U.S. warships bring aid to Georgia, fueling tensions with Russia

A second United States naval vessel carrying humanitarian aid docked at the Georgian port of Batumi on Wednesday, amid Russian accusations that the ships are bringing arms to bolster the Georgian military.

The U.S. Coast Guard Cutter Dallas arrived at the port late in the morning, three days after the arrival of the U.S.S. McFaul destroyer. In an apparent response to the U.S. naval buildup, Russia sent a group of warships including the Moskva missile cruiser to the capital of Abkhazia, around 100 miles to the north of Batumi.

International media reports said the U.S. vessels had avoided arriving at the Poti port, due to Russia's military presence. Poti was a focus of Russia's recent 'peace enforcement' operation that followed Georgia's military offensive in South Ossetia, which along with Abkhazia was recognized as a new state by Russia on Tuesday.

Russian President Dmitry Medvedev has said the U.S. ships are delivering weaponry for Georgia's armed forces, and has denied that Russian troops are still patrolling Poti.

"We are not controlling it, and are not blockading it - this is nonsense," he said in an interview with French TV channel TF1.

Speaking to reporters on Tuesday, Russian Foreign Minister Sergei Lavrov said the U.S. warships are raising tensions in the region.

"Battleships do not normally deliver aid, and this is gunboat diplomacy - it does not make the situation more stable," he said.

The U.S. cutter, carrying food and essential commodities, was sent after NATO announced its decision to deliver humanitarian aid to Georgia following the end of hostilities between Georgia and Russia over South Ossetia on August 12.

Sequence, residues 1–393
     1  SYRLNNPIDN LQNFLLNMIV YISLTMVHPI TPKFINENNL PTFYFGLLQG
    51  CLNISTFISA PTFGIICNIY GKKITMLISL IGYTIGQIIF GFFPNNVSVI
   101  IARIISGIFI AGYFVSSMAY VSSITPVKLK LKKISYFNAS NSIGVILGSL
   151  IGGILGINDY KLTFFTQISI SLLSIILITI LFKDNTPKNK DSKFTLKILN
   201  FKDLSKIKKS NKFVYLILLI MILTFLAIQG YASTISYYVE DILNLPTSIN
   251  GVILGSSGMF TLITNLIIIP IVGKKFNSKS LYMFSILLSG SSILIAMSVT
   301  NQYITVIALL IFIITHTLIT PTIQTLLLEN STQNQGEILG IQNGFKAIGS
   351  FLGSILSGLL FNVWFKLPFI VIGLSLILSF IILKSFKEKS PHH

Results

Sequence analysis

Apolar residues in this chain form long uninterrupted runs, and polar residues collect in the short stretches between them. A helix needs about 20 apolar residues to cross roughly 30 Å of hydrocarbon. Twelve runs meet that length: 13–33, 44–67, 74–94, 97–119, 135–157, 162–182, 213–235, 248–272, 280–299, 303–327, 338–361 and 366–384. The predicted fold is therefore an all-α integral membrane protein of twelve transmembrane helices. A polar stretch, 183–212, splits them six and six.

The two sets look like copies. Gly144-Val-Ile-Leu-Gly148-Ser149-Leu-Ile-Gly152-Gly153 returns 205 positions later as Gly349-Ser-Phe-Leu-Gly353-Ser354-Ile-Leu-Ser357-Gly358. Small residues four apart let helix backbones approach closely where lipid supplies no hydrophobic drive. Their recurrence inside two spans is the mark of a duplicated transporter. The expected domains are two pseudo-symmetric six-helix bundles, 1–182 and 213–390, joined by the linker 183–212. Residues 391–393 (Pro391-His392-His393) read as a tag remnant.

A Russian military intelligence source earlier told RIA Novosti that NATO warships currently stationed in the Black Sea are carrying over 100 Tomahawk cruise missiles and Harpoon anti-ship missiles between them. The Western military alliance began exercises in the sea on Friday involving U.S., German, Spanish and Polish vessels.

Lavrov said on Tuesday that "virtually all states that are supplying arms to Georgia are NATO member countries."

A senior Russian naval official said on Wednesday that measures are in place to prevent the smuggling of arms in the region.

"We are controlling territorial waters and the adjacent area, ensuring shipping safety, and preventing the smuggling of arms and military vehicles," Vice Adm. Sergei Menyailo, commander of the Novorossiisk naval base said.

Russia's General Staff said on Tuesday that there were 10 NATO ships in the Black Sea - three U.S. warships, the Polish frigate General Pulaski, the German frigate FGS Lubeck, and the Spanish navy ship Admiral Juan de Borbon, as well as four Turkish vessels.

[Source: Novosti, Tbilisi, 28Aug08]

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The Question of South Ossetia
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